Unpacking IEA’s World Energy Outlook 2017

Last week, the International Energy Agency (IEA) published their 2017 Annual World Energy Outlook report. Using current trends of electrification, access, energy demand, global fuel markets, and technological advancement, the nearly 800-page report profiles a likely global energy trajectory out to 2040 in its “New Policies Scenario.” The report also offers a more aspirational “Sustainable Development Scenario.” This second scenario offers a top down assessment of what actions will be necessary if the world is going to achieve three energy development goals: universal energy access, improved air quality, and meeting the carbon emissions target put forth in the Paris Climate Agreement. The implementation gap between these two scenarios paints a clear picture of where we are, and where we need to be.

IEA’s New Policies Scenario is their best assessment of the global energy trajectory we are currently on, and was principally informed by four major global trends:

  1. The impressive advancement of solar and wind technologies, making clean, renewable energy much more affordable and easily deployed.
  2. The globally expanding access to electricity as a primary source of energy.
  3. China’s transition to a cleaner and more service-oriented economy.
  4. The expanding development of shale gas and tight oil reserves in the United States.

These trends, along with others—such as the EU’s rapid adoption of wind and solar and India’s surging population and economy—led IEA to draw several conclusions about the global energy mix in 2040.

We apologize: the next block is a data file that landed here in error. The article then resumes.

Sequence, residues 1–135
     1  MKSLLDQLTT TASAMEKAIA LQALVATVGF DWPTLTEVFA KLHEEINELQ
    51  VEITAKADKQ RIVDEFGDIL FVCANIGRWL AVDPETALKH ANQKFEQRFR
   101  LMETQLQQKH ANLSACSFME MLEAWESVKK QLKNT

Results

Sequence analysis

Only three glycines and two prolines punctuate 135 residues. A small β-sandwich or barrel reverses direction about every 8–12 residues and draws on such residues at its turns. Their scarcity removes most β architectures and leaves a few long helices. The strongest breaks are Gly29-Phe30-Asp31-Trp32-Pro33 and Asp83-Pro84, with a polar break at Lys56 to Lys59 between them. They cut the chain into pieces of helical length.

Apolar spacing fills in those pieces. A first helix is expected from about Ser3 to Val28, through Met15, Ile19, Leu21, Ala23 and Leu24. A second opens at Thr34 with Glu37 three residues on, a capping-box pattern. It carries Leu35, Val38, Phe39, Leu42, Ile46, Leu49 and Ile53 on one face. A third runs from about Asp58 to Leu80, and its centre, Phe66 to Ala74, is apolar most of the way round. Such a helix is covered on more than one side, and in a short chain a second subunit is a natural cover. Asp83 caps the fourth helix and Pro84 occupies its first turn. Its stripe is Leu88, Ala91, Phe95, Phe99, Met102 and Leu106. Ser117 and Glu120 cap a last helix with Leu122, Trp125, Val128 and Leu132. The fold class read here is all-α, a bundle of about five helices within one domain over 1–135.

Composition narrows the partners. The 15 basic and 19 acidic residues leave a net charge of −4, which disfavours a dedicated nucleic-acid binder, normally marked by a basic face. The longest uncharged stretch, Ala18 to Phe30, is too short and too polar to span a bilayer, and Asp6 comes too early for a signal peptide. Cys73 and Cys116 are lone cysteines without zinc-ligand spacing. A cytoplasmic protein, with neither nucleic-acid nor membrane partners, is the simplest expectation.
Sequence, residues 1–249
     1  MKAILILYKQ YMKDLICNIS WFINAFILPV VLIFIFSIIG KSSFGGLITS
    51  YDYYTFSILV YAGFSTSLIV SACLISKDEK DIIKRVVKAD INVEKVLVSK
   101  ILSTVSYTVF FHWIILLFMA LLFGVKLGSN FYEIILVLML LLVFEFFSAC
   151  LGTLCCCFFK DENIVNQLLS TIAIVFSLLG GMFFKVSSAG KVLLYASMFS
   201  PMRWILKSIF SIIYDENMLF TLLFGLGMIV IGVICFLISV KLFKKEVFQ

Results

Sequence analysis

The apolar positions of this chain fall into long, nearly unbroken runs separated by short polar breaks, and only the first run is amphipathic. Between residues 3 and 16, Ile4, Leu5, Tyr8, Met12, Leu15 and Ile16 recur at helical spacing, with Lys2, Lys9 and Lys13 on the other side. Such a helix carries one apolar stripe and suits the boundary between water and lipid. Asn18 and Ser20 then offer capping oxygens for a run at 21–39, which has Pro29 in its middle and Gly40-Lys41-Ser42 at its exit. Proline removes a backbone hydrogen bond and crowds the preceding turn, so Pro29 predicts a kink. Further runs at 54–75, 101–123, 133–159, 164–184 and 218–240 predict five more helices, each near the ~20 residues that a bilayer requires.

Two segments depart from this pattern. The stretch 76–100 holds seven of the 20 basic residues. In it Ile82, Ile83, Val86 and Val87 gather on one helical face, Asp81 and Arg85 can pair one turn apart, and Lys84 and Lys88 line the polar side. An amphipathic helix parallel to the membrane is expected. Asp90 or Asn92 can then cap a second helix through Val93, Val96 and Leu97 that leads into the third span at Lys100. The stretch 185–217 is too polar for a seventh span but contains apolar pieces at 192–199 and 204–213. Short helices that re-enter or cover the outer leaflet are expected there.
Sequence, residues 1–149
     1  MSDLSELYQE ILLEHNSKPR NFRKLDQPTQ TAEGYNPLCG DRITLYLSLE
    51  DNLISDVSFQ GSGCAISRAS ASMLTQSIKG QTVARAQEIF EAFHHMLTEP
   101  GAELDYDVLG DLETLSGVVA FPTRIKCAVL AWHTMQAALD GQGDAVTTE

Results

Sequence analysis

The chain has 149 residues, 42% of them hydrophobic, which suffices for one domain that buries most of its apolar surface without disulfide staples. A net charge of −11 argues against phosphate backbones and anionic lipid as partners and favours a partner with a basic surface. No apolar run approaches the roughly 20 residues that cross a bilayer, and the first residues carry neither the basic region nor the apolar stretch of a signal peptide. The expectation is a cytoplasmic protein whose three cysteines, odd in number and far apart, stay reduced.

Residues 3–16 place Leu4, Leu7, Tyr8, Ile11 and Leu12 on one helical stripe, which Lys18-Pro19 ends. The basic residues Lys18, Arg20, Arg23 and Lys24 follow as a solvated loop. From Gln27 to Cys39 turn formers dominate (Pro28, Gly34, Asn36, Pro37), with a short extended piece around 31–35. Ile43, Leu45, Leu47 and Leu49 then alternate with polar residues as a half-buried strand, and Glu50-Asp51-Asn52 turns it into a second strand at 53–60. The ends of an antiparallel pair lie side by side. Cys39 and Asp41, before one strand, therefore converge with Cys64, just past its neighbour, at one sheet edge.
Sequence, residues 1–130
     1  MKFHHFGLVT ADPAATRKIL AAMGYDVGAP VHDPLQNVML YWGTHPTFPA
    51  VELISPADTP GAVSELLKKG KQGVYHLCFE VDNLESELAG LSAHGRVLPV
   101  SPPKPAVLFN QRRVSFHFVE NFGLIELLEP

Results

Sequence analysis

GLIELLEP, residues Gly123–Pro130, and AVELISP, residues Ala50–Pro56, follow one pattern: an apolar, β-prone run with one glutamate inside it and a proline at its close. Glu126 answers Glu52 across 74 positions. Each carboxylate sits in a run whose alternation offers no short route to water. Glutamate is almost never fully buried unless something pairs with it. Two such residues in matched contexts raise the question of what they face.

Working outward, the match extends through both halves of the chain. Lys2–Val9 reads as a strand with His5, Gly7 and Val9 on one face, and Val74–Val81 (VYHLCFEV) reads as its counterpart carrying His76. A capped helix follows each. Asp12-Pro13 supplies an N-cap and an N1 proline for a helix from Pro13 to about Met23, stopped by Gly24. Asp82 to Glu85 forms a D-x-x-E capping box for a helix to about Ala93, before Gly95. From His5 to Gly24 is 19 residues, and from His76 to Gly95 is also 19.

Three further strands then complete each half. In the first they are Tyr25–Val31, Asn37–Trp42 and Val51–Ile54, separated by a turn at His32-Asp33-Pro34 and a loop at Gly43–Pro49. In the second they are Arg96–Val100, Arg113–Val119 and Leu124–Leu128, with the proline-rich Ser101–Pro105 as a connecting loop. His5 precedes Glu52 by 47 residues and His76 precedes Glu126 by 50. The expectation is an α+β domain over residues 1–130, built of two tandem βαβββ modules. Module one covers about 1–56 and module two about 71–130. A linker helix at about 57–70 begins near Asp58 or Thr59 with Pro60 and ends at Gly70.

Net Global Capacity Additions and Fuel Demand

Between now and 2040, coal powered generation is projected to add an average of 17 GW/year to the global fuel mix. This is considerably lower than the 65 GW added each year between 2010 and 2016, but it still means that global demand for coal will continue to rise for decades to come. Plant efficiency will play a role in coal generation, as China is projected to add an additional 143 GW of coal generation, but the country’s overall coal consumption is projected to decrease by 358 million tons/year by 2040.

Global demand for oil also continues to grow, though at a significantly slower rate, increasing by 11mb/d between now and 2040. Growth in gas demand, on the other hand, remains consistent with the rate of growth since 1990. 

Global average annual net capacity additions by type
Figure 1: Although renewables grow considerably, fossil fuel based capacity also grows.

Electricity Access and Demand

Electricity demand increases considerably between now and 2040. In China, the United States, and the European Union, a major driver of increased electricity demand is the rapid market penetration of electric vehicles—from 2 million today to 280 million by 2040. In developing regions, this increased demand for electricity is, instead, primarily fueled by population growth and increased grid connectivity.

Electricity demand by selected region